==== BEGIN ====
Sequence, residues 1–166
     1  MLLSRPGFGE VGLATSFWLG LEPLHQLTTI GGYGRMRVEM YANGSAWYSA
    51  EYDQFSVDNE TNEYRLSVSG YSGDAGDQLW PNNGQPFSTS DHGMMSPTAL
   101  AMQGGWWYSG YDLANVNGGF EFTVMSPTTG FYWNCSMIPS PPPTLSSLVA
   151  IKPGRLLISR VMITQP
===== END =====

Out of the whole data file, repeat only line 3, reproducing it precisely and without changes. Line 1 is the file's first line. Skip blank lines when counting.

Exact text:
    51  EYDQFSVDNE TNEYRLSVSG YSGDAGDQLW PNNGQPFSTS DHGMMSPTAL